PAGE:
Our weekly roundup of new and newsworthy transportation projects worldwide.
Indian Cabinet OKs Metro System for Nagpur
India continues apace with its program of improving its transportation infrastructure on just about all fronts, including adding metro systems to its middle-sized cities. The latest Indian city to get a green light for a metro is Nagpur, the country’s 13th-largest city, with a population of 2.2 million people.
The International Railway Journal reports that India’s Union Cabinet gave the go-ahead Aug. 20th for the first phase of work to begin on the system. The initial phase will produce two lines totaling 39.6 km in length. One will run from Automotive Square to the city’s airport, and the other will connect Prajapati Nagar with Lokmanya Nagare.
The Indian and Maharashtra state governments, which are splitting the cost of the metro 50-50, wasted no time getting started with the Rs 86.8 billion ($1.44 billion U.S.) project. Two days later, Indian Prime Minister Narendra Nodi laid the foundation stone for the metro. The Indian Express reports that in his remarks at the ceremony, Lodi said that he saw India’s rapid urbanization not as a problem but as an opportunity for growth: “If we had planned accordingly 20-25 years ago, today our urban centres wouldn’t be found crumbling. Even a farmer wants his sons to work in cities. That’s why we have planned to build 100 smart cities, better built as soon as possible.”
Construction Begins on Canada’s Waterloo Light Rail Line
The International Railway Journal also reports that ground was broken on Aug. 21st for the first light rail line in Ontario’s Waterloo-Kitchener region, the backbone of a planned rapid transit system that will include both light rail and bus rapid transit.
The initial segment will connect Fairview Park Mall in Kitchener with Conestoga Mall in Waterloo via downtown Waterloo, a distance of 19 km (12 miles).
Concurrent with this project, a bus rapid transit line will be built from Fairview Park Mall to downtown Cambridge. Plans call for this route to be supplanted by an extension of the light rail line in a future second phase.
The total cost of this project will be C$818 million ($744.4 million U.S.). The Canadian government will supply C$265 million ($241.15 million U.S.), or about one-third of the total project cost; the Province of Ontario, C$300 million ($273 million U.S.); and the Regional Municipality of Waterloo the remaining C$253 million ($230.23 million U.S.).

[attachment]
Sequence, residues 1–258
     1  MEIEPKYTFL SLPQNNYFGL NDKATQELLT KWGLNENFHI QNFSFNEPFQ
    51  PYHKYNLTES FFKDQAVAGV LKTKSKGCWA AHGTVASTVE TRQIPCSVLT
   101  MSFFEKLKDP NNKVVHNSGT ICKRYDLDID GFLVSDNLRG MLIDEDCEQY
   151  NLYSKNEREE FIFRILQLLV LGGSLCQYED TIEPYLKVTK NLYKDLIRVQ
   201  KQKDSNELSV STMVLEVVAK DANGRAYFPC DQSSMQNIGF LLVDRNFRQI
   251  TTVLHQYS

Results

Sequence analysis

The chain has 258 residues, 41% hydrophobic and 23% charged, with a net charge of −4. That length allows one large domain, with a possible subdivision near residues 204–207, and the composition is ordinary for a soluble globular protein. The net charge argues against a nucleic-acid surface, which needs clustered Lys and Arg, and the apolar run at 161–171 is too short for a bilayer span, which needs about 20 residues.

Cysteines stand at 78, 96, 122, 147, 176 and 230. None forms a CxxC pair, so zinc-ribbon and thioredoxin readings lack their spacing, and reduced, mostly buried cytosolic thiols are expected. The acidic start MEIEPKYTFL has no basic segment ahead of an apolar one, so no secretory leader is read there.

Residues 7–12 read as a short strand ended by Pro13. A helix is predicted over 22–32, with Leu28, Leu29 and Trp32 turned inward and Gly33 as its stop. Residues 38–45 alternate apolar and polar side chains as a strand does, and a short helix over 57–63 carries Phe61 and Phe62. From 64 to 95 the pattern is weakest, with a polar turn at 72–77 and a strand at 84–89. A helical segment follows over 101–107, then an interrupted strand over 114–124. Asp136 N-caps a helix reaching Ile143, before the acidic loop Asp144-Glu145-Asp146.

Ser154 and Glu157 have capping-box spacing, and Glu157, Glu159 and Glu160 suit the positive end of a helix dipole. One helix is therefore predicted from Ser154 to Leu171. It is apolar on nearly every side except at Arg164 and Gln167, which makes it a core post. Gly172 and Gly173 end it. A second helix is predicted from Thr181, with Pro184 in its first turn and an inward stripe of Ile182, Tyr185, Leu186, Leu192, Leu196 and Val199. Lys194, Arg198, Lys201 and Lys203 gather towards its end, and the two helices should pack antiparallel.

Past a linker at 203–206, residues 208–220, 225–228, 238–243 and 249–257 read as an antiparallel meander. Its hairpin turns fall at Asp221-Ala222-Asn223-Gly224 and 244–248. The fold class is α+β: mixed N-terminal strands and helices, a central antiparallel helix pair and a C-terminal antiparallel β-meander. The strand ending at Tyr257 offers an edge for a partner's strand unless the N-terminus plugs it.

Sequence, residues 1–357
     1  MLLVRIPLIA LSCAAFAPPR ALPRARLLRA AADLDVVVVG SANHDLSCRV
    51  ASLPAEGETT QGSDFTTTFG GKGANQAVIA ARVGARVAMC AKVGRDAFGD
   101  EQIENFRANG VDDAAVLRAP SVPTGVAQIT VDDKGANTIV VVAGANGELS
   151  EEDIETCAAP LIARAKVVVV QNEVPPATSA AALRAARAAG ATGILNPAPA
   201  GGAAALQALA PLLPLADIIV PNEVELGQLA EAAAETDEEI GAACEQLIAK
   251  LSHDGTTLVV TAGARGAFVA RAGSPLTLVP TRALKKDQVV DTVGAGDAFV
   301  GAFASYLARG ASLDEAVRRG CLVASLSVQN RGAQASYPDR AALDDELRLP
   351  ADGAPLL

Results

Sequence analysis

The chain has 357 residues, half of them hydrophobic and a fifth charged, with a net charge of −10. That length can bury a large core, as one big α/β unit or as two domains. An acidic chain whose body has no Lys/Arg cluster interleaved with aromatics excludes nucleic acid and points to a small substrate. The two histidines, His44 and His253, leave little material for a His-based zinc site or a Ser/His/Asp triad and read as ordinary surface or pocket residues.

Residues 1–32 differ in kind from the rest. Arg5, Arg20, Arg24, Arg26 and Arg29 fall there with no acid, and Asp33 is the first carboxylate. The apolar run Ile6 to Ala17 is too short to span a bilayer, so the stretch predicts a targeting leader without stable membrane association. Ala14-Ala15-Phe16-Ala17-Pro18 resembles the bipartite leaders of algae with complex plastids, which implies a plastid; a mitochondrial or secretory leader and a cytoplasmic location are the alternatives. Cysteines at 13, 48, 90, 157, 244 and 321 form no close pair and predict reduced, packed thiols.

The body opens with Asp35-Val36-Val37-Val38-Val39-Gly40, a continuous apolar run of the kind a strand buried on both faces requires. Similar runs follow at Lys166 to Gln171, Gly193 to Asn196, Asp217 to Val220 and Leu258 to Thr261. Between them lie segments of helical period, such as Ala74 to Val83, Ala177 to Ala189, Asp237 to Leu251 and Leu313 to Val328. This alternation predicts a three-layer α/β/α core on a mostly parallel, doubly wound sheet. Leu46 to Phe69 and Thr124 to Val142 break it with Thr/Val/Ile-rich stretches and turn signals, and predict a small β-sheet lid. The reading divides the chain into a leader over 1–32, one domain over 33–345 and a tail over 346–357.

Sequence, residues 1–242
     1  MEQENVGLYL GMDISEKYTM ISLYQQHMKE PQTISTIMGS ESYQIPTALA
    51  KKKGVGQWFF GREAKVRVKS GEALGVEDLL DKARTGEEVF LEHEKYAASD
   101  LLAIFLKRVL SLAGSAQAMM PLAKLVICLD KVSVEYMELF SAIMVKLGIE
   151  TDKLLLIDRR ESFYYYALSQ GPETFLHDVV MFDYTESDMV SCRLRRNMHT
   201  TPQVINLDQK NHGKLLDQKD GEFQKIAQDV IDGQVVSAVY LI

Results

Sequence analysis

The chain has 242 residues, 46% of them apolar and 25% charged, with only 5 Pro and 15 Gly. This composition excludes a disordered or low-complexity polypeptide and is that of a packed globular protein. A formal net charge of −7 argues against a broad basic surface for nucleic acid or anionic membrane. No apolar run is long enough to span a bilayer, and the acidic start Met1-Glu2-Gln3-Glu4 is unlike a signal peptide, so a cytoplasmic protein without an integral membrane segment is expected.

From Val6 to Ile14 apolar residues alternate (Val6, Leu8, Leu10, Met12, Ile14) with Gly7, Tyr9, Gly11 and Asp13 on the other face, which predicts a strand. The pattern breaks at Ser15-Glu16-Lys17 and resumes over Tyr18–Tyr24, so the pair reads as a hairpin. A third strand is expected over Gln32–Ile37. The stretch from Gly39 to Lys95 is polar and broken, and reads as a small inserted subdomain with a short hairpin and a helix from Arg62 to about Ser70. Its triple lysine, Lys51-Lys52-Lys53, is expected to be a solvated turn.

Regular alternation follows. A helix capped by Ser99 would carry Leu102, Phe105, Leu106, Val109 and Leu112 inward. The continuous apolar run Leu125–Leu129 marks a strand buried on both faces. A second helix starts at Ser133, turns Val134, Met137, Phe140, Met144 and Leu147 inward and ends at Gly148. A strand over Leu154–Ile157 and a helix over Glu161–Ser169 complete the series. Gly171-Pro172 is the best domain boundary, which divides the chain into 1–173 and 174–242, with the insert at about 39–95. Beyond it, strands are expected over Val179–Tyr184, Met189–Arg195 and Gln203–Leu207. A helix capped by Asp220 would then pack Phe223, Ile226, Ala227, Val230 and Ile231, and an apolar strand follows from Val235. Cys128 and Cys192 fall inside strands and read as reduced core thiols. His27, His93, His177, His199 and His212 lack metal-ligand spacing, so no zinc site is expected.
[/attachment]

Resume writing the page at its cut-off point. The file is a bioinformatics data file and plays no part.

Work on the line is being done by a consortium called GrandLinq, which will also run and maintain the line under a 33-year, design-build-finance-operate-and-maintain contract.
The Waterloo region is home to Ontario’s highest concentration of high-tech research institutions and businesses, and its population is projected to increase 50 percent over the next quarter century, which explains regional officials’ interest in developing a rapid transit backbone.
In San Antonio, the Voters Will Speak
Finally, an update on the on-again, off-again saga of VIA Metropolitan Transit’s plans to add light rail to San Antonio’s mass transit mix.
WOAI radio in San Antonio reports that groups opposed to rail transit in the city have succeeded in getting an initiative on the May 2015 election ballot that will require the city to submit any plans for rail transit construction to the voters for approval before a single spade of dirt can be turned.
The exact language of the proposed charter amendment: “No grant of permission to alter or damage any public way of the city for the laying of light rail or streetcar tracks will ever be valid, unless first approved by a majority of qualified electors of the city.”
The wording is designed to prevent the city from transferring funds to another entity, such as VIA, in order to build a streetcar or light rail line, then claim that the city is not funding or building the project.
In other words: That reset button city and county officials spoke about has been turned into a giant “Pause” button — or, if the voters approve the charter amendment next spring, a “Stop” button.
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The Works is made possible with the support of the Surdna Foundation.
Next City contributor Sandy Smith is the home and real estate editor at Philadelphia magazine. Over the years, his work has appeared in Hidden City Philadelphia, the Philadelphia Inquirer and other local and regional publications. His interest in cities stretches back to his youth in Kansas City, and his career in journalism and media relations extends back that far as well.